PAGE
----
A FAMILY-RUN vintage vehicle museum could be forced to close due to a dwindling number of visitors.

More than 3,000 people a year visited Vintage Vehicles Shildon, in County Durham, after owner Mike Bowman opened the doors in 2005.

However, last year that number fell to 2,000 and Mr Bowman said income from the £2 entry charge may soon no longer cover running costs.

“The museum is a labour of love for me and I’ve enjoyed running it over the years,” he said. “It would be a sad day if I had to close, but if the visitor numbers don’t increase then I will probably have to close it in the near future.”

He stressed that the museum – on the Dabble Duck Industrial Estate, about 300 yards from Locomotion: The National Railway Museum at Shildon – will open this year after its winter break, but the situation will be reviewed in 2013.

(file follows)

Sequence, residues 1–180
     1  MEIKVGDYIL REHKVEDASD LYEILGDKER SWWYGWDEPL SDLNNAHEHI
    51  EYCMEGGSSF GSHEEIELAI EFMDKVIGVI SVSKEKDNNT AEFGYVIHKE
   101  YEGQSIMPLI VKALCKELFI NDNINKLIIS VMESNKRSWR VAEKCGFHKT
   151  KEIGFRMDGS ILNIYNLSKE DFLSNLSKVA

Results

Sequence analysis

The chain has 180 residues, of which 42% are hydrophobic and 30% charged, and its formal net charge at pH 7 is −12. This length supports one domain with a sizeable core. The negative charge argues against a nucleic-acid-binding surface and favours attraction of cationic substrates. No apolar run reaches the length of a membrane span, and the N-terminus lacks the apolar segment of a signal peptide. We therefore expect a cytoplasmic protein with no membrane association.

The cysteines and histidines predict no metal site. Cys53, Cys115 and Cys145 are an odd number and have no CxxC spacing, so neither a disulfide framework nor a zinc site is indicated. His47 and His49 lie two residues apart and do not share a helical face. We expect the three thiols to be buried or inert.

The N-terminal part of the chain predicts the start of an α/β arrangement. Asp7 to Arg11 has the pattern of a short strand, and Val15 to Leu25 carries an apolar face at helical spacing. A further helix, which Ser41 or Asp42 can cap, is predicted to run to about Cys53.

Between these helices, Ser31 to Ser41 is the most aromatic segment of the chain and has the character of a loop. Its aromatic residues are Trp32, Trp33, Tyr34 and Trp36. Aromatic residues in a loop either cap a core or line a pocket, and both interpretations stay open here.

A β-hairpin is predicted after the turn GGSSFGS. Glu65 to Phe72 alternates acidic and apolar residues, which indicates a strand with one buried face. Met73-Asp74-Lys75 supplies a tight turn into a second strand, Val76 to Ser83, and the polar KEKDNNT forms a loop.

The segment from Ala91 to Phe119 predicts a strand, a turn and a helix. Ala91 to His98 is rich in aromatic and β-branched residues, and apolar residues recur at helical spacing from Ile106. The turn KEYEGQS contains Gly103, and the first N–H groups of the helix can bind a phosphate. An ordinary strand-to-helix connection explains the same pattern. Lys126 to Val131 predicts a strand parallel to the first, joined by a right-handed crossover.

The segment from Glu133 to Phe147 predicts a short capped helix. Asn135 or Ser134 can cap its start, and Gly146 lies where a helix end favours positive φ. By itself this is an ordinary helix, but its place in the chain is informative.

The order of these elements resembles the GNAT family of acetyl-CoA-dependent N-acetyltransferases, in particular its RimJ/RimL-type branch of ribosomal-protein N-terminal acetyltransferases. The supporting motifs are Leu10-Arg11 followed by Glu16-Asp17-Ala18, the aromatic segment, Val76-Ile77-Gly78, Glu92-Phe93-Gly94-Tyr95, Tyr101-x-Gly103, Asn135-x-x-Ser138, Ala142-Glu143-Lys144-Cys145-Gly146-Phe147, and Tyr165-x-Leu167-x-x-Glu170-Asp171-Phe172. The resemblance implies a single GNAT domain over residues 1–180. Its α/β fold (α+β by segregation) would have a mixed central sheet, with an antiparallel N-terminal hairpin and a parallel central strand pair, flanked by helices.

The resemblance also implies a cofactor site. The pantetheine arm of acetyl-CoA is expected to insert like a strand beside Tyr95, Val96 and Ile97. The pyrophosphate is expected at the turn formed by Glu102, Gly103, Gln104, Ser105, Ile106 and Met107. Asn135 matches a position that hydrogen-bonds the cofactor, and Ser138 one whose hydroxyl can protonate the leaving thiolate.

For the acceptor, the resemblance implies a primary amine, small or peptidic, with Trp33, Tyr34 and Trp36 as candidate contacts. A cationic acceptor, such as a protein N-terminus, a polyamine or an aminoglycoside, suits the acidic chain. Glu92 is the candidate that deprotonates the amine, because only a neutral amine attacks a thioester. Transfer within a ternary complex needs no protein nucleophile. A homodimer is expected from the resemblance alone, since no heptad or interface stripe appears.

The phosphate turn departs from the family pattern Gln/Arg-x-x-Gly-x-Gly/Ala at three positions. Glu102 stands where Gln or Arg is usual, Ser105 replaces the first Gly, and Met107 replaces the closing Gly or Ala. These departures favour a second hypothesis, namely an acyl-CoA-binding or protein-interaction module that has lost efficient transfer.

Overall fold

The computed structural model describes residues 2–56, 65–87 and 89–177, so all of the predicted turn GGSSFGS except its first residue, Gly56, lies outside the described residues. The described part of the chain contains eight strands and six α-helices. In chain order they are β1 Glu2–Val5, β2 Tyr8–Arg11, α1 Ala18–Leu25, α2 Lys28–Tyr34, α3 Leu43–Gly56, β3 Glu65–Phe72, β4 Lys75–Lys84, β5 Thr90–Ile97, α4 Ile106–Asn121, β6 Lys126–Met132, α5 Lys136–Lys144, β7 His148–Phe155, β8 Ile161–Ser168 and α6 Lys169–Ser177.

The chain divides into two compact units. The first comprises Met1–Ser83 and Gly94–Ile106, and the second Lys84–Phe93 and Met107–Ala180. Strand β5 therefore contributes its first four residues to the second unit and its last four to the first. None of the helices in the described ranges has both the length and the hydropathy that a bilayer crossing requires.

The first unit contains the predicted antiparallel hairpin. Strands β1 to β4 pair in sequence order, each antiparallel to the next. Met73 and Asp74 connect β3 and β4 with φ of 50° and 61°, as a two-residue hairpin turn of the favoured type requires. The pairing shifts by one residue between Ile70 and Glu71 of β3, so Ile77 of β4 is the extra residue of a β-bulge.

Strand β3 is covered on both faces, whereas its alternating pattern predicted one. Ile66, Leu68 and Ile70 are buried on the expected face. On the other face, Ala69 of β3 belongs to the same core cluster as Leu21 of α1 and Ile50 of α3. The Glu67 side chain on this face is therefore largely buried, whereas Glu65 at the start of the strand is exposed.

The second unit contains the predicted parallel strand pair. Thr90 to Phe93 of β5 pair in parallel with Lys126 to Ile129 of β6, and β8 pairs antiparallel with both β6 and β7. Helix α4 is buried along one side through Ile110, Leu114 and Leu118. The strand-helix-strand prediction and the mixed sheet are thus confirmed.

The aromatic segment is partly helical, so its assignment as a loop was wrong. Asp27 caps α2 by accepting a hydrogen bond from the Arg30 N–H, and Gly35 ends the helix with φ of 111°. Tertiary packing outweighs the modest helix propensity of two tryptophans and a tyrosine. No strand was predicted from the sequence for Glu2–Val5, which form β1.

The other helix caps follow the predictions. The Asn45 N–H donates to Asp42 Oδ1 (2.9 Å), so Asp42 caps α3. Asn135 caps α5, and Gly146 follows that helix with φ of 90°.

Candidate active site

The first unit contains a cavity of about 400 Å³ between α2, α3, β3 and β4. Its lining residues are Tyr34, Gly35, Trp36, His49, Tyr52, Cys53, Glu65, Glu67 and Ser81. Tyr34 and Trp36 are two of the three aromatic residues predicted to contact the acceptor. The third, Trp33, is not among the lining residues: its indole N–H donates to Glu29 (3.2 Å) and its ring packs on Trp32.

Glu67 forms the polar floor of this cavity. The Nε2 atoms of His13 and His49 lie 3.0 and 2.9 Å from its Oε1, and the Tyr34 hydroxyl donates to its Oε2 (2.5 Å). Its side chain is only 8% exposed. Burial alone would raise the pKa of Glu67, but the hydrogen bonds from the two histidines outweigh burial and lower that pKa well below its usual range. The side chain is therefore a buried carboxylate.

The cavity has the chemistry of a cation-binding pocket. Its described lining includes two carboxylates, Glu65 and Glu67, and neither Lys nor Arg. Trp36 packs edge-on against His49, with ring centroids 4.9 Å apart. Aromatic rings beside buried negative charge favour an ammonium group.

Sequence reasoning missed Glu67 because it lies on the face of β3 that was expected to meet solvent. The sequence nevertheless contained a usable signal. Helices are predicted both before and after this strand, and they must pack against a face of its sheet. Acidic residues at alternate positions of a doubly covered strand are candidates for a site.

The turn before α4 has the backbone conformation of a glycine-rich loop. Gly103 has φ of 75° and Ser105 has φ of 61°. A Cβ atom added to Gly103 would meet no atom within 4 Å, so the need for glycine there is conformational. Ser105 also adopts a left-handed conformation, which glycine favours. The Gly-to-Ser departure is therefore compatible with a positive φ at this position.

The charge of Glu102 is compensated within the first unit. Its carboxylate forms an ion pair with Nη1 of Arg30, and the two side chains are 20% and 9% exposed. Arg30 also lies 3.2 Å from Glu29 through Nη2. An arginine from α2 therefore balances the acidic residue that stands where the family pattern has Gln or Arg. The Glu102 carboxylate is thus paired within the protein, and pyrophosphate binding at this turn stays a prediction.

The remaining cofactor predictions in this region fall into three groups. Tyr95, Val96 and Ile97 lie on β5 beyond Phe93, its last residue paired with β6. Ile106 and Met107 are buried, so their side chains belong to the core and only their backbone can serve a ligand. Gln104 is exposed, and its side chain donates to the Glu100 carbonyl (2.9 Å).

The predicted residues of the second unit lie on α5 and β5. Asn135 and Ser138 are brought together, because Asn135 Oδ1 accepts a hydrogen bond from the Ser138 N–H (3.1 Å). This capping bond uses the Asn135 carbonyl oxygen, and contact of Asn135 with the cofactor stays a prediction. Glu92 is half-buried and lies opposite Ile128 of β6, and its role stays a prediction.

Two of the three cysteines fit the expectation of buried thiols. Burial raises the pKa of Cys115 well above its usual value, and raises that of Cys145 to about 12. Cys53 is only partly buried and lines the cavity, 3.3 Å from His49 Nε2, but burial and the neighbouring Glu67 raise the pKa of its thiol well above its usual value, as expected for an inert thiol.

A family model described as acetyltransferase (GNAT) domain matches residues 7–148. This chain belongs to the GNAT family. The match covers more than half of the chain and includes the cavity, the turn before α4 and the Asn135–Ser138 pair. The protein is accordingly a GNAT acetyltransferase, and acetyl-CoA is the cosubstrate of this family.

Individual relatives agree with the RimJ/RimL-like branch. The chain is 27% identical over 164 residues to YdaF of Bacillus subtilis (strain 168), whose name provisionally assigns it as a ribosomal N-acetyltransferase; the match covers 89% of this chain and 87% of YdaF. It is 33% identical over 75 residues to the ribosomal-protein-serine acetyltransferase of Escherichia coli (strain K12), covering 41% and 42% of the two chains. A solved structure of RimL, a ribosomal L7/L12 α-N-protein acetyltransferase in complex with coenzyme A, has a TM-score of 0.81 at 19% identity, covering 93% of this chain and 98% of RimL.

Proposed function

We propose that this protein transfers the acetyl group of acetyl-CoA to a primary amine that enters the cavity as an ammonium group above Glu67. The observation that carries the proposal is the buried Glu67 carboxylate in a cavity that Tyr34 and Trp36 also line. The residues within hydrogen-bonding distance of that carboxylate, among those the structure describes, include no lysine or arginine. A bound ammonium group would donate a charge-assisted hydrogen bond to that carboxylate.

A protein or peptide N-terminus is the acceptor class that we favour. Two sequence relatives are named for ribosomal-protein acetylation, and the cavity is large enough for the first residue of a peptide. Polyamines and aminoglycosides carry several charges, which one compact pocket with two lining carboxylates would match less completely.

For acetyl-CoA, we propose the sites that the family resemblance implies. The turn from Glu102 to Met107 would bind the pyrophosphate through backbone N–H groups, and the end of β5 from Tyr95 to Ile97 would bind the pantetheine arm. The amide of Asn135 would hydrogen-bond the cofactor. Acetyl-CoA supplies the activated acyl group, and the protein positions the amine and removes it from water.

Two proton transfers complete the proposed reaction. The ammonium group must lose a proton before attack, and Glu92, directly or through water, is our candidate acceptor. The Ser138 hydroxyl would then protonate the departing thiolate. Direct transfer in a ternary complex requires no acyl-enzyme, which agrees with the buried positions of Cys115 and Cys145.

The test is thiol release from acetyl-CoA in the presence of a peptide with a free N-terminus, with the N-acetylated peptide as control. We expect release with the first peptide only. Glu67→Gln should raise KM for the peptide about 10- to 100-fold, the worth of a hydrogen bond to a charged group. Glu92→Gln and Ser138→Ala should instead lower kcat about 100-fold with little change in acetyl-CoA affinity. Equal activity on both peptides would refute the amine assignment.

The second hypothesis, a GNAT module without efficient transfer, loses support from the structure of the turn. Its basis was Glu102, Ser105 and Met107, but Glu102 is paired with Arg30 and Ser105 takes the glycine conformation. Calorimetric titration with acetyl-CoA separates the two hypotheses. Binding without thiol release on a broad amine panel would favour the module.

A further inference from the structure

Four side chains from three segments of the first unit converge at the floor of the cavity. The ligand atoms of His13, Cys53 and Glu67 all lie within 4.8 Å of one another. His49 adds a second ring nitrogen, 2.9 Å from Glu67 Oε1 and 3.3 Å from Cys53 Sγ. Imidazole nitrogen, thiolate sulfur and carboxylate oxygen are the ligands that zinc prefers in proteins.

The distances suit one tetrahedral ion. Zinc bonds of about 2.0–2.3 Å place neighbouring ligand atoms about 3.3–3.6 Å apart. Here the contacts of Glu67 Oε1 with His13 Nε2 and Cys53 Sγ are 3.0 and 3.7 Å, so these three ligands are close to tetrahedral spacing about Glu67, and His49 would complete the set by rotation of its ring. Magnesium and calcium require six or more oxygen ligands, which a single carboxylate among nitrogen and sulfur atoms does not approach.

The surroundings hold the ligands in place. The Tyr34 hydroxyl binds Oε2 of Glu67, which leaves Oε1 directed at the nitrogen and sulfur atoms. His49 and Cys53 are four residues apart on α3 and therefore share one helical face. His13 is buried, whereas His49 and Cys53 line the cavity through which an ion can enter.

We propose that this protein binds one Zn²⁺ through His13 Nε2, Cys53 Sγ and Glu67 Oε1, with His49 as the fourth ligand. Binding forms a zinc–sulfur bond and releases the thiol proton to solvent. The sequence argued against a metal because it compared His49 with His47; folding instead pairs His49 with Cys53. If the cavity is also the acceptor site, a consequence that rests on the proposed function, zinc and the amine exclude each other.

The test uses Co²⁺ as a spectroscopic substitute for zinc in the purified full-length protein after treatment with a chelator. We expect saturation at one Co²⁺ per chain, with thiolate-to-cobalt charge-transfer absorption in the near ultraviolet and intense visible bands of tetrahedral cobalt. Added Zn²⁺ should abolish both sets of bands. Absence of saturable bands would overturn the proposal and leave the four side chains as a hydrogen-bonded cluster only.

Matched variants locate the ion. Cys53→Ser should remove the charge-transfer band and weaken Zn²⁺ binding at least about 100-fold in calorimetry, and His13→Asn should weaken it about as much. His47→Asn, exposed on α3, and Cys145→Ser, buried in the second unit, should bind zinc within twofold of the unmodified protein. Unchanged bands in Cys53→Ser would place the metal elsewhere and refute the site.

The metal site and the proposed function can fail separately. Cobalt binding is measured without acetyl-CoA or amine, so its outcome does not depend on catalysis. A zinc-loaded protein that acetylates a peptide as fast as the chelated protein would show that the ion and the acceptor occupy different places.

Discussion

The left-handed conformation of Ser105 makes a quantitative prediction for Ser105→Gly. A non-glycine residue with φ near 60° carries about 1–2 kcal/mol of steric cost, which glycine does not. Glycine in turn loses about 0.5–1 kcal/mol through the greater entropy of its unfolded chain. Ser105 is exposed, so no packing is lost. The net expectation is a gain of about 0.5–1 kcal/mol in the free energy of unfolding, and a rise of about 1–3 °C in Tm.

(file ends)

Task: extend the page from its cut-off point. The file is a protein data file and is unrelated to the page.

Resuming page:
The privately-funded museum, which has charity status, is run by volunteers and is home to 45 exhibits dedicated to a history of commercial vehicles, many painstakingly restored.

They include a Darlington bin lorry, a railway parcels lorry and a 1934 mobile shop.

Other vehicles were used by the Bowman family in their own haulage business.

Mr Bowman, whose grandfather began a horse and cart haulage business in the Tyne Valley in 1890, stressed the museum is privately funded and does not receive any grants.

He was a lorry driver himself for more than 30 years and established the museum in a former factory as a way of sharing his passion for lorries with others.

Christopher Booth, who visited the museum at the weekend, said: “It’s an excellent collection and it saddens me to think it might close because I’m a big fan of nostalgia. It’s great someone can have so much passion for something.”

The museum is open every weekend and Bank Holiday until October, from 10am to 4pm, with entry £2.